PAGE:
Many of our projects involve forms — editing existing forms and creating new ones. We’ve compiled the following list of strategies to help you create forms people will find easy (and maybe even enjoyable) to complete.
Use an appropriate tone
Understanding how people might be feeling as they encounter your form can help you make more informed decisions about the right tone to use. Is your form associated with a high-stress experience or a more benign one? Are you requesting deeply personal, or more general, information? How might this impact people’s frame of mind?
Consider the purpose and situational context of the form you’re designing, along with the type of information you’re collecting. For example, if you’re preparing a form someone will use to secure medical services for a family member, you might use a reassuring, direct tone. If you’re designing a form folks can use to register for a professional conference, you might use a livelier, more jovial tone.
Start with easier questions
In addition to tone, the sequence of your form’s questions can influence the user experience it creates. Start your form with easier-to-answer questions — basic demographic information, for instance — and then work up to more comprehensive or difficult-to-answer ones. Starting with easier questions helps people ease into the experience of completing your form.
Provide enough context
Understanding people’s possible attitudes toward the requests you’re making can help you determine where to provide contextual information and how much to provide. If you’ll be requesting Social Security numbers, financial data, or personal medical information, you may want to share why you need this information and explain the safeguards you’ll be taking to protect it. Providing this context can help users feel more at ease and create a more satisfying interaction.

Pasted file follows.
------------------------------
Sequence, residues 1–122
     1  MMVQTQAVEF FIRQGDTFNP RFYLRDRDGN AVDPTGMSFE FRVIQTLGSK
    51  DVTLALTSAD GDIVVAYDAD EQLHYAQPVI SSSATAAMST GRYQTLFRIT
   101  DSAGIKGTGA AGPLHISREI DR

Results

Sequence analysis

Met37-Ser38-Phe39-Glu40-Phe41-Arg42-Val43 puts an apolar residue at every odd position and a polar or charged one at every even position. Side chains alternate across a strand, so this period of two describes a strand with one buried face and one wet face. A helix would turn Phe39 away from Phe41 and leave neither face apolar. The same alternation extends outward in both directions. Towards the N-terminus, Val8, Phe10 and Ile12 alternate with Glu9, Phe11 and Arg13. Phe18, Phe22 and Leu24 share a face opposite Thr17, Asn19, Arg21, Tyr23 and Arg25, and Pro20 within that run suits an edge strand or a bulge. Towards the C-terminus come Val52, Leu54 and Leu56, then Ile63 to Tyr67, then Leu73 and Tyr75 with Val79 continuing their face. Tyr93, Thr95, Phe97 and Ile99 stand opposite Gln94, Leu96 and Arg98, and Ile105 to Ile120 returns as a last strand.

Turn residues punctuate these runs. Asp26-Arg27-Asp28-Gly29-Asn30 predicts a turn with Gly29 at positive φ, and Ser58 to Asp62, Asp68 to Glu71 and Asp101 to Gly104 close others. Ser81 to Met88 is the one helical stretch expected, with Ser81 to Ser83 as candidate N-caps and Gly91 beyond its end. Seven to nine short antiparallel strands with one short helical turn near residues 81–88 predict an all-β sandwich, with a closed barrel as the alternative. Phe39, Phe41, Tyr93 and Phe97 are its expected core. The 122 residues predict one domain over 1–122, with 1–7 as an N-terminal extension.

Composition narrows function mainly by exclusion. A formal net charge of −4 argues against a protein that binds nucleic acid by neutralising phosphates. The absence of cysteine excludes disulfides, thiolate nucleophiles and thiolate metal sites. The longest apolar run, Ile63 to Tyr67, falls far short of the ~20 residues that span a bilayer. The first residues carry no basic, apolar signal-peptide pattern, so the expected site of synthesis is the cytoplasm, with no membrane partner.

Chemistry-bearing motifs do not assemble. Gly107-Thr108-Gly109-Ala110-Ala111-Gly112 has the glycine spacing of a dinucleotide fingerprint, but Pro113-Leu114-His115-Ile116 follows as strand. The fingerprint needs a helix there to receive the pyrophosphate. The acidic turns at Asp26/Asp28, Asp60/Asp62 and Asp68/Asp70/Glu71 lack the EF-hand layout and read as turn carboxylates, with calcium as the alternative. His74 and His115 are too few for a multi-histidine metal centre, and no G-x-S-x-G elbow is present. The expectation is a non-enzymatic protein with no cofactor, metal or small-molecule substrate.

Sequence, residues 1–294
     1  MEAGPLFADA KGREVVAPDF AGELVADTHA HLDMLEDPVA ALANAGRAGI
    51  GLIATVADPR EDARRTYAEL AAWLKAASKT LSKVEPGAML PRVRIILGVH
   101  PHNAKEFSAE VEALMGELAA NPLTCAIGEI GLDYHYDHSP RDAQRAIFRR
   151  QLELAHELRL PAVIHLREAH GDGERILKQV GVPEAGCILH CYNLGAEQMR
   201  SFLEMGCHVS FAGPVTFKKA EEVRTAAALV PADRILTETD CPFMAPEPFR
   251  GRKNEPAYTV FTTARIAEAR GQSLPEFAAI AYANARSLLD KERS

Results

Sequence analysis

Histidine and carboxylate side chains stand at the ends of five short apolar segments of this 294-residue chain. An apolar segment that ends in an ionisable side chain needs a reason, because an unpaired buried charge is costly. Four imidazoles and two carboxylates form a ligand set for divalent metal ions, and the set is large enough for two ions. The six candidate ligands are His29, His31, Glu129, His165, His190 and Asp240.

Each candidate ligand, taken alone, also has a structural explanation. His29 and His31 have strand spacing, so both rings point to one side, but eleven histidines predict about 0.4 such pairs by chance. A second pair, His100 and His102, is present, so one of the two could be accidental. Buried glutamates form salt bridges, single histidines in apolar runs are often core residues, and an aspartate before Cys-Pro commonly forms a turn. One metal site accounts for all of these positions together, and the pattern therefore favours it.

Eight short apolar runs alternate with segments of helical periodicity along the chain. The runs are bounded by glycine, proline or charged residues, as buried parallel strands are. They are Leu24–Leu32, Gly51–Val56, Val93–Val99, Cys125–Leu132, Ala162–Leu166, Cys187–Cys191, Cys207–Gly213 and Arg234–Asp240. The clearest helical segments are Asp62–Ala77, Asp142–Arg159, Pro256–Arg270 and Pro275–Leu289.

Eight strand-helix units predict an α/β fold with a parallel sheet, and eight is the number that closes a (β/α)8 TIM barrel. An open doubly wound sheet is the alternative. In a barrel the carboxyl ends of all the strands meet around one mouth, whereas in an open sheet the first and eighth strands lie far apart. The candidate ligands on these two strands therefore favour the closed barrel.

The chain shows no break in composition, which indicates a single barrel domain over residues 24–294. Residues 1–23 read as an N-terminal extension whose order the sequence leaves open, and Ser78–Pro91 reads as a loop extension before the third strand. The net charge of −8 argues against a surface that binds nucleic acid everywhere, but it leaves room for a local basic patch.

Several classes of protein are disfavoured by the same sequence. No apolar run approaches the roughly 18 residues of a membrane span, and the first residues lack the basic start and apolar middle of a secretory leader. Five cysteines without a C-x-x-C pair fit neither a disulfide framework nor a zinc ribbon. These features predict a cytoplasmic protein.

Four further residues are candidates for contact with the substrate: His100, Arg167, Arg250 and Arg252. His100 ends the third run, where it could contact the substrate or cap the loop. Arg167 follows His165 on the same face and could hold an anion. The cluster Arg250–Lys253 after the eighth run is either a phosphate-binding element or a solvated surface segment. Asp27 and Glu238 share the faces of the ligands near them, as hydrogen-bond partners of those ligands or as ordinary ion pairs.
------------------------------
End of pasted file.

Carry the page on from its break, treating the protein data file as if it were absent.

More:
Design with devices in mind
We strive to design content that’s equally accessible — and enjoyable — across all devices. That said, keeping your users’ device preferences in mind can help you make decisions about form language. If you know most people will be accessing your form on mobile, consider creating shorter field labels. If most people will be accessing your form in the browser, you can create longer, more descriptive field labels without compromising the user experience.
Keep it concise
Brevity is especially pertinent when creating forms. People are completing your form to achieve a certain end; don’t create more work for them by using unwieldy or long-winded descriptions.
Create labels that are concise and to the point — “First name” is much easier to comprehend at a glance than “What moniker do you go by?” Short labels are also easier to read on mobile, and potentially save you money on translations.
Align field length with response length
Fields should be the right size for the information you’re requesting. Fields for capturing a first or a last name or a city of residence can be short; fields meant to capture longer responses — a complaint or request, for instance — should be sized so that people can see what they’re typing before submitting it.
Don’t use placeholder text as labels
Labels should appear above fields, not as placeholder text inside those fields. Using placeholder text as labels can create confusion around which information belongs where (it’s easy to forget what a field is for if it’s not labeled), and it can make form completion more difficult for people with disabilities.
Don’t make optional information required
If a piece of information is optional, tell the user. Requiring only the information that’s truly required will save your users time — something all of us can appreciate. It’s also a best practice to label only optional fields or only required fields, depending on which option is less overwhelming. For example, if your form has four required fields and one optional field, it would make more sense for you to label the optional field.
Follow accessibility best practices
If not designed thoughtfully, forms can present major accessibility issues. Inaccessible forms can impact a range of people — screen reader users, keyboard-only users, people with cognitive disabilities, and those who are mobility impaired, to name a few — creating unnecessary barriers. For more detailed information about how to make forms accessible, see our accessibility guide.